On June 22, 2017, the Ohio Supreme Court issued a decision overturning over a decade of case law that consistently found that a recent arm’s length sale was the best evidence of value for real property tax purposes regardless of the circumstances surrounding the sale. In its decision, the Court makes it clear that a sale price no longer conclusively determines value for tax purposes as it did under prior law. Terraza 8 L.L.C v. Franklin Cty. Bd. of Revision, Slip Opinion No. 2017-Ohio-4415 is a significant victory for Ohio taxpayers. The full opinion can be accessed here.

This decision has significant and immediate impacts for Ohio taxpayers:

  • All properties must be valued based upon the fee simple interest, one that is free of all encumbrances, including a lease.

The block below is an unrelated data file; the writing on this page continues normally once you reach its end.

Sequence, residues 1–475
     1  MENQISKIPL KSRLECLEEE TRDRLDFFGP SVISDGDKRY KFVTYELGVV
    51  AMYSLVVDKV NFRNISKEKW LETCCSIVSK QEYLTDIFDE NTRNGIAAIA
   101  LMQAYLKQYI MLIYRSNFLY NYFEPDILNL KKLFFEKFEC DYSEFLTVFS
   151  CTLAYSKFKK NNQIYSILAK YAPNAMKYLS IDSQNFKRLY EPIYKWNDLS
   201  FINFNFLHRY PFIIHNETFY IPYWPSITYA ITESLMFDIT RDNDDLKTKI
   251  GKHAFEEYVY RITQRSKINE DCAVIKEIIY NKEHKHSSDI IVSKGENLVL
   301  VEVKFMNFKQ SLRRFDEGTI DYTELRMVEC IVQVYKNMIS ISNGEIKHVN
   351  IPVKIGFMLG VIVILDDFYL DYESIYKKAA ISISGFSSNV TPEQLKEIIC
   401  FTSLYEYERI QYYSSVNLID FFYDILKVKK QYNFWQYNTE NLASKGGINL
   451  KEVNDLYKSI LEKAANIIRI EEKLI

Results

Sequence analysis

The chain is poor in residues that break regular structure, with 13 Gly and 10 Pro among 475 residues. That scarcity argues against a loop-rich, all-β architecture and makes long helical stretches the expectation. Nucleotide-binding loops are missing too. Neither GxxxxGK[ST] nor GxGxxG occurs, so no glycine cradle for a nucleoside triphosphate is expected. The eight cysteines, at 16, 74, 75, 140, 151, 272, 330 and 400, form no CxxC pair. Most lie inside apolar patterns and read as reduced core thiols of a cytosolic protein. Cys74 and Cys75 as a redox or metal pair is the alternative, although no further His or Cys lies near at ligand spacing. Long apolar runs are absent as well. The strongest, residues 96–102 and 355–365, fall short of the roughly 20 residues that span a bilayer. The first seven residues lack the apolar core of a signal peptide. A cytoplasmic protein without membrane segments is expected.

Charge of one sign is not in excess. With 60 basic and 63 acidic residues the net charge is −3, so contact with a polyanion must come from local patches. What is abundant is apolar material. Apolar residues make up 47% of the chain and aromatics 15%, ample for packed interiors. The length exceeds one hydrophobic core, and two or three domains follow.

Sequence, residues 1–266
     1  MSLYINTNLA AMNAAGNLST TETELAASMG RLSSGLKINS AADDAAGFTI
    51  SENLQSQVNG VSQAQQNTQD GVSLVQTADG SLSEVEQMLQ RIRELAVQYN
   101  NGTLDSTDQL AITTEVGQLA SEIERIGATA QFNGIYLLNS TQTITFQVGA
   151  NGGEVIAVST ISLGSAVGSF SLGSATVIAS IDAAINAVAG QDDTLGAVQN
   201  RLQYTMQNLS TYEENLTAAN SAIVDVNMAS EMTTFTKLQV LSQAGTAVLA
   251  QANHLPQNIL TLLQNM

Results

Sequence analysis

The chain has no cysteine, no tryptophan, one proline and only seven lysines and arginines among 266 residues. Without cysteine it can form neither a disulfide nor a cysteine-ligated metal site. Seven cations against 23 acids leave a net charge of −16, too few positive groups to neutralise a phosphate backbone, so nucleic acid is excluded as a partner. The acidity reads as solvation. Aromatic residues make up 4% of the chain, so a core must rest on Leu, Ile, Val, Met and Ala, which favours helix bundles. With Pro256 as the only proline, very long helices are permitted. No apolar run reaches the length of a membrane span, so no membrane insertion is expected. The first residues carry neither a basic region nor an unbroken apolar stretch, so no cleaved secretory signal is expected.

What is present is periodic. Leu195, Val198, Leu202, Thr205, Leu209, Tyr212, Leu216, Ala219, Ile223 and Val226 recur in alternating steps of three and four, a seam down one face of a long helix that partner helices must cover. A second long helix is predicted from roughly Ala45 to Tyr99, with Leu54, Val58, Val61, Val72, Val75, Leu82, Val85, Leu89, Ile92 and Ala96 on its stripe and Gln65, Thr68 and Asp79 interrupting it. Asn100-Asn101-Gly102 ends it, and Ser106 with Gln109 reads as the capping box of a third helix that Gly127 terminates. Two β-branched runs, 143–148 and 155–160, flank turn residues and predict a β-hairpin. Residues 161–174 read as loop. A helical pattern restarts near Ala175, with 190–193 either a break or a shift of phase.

• Properties that are subject to an above-market lease will no longer be taxed more than their competitors that may not be encumbered by a lease.
  • Recent sale prices based upon a long-term, above-market lease will no longer control. The opponent of the sale can rebut the use of the sale price.
  • A sale price must reflect the true value of the property’s fee simple interest to be utilized for real property tax purposes.
  • This decision also will impact tax appraisals and the data and adjustments utilized by appraisers when there is no recent sale.

This decision emanates from legislative changes signed into law on June 11, 2012, which became effective on September 10, 2012 in Am. Sub H.B. 487. The changes to R.C. 5713.03 specified that it is the true value of the fee simple estate as if unencumbered that is to be valued by the county auditor. It also changed the requirement that an auditor “shall” consider the sale price to be true value to the auditor “may” consider the sale price when valuing property for real estate tax purposes. The court’s decision specifically overturns the 2005 decision in Berea City School Dist. Bd. of Edn. v. Cuyahoga Cty. Bd. of Revision (2005), 106 Ohio St.3d 269, and the litany of cases that followed.

The real property tax valuation landscape is undergoing significant change in Ohio.